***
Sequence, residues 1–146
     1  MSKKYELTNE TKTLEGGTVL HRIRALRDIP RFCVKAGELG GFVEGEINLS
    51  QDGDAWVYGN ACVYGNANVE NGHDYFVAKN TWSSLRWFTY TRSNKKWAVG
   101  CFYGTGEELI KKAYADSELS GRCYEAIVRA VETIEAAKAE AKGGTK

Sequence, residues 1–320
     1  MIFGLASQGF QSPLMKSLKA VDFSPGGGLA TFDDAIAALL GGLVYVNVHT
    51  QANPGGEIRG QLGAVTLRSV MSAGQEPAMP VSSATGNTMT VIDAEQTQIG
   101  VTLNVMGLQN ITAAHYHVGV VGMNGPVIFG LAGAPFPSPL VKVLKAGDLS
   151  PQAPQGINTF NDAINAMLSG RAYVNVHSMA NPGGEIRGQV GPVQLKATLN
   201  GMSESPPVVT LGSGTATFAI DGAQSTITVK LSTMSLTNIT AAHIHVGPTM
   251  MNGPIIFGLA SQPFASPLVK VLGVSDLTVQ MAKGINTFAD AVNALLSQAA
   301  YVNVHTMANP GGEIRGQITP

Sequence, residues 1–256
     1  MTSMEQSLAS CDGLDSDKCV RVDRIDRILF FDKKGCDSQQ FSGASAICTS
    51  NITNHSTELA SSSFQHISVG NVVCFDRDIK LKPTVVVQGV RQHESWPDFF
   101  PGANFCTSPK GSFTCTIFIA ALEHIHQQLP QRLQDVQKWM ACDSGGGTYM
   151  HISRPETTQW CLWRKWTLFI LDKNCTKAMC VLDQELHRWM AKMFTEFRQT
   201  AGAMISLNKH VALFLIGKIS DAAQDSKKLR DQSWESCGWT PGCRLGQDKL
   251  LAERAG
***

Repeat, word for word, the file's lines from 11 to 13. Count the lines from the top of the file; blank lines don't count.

   251  MNGPIIFGLA SQPFASPLVK VLGVSDLTVQ MAKGINTFAD AVNALLSQAA
   301  YVNVHTMANP GGEIRGQITP

Sequence, residues 1–256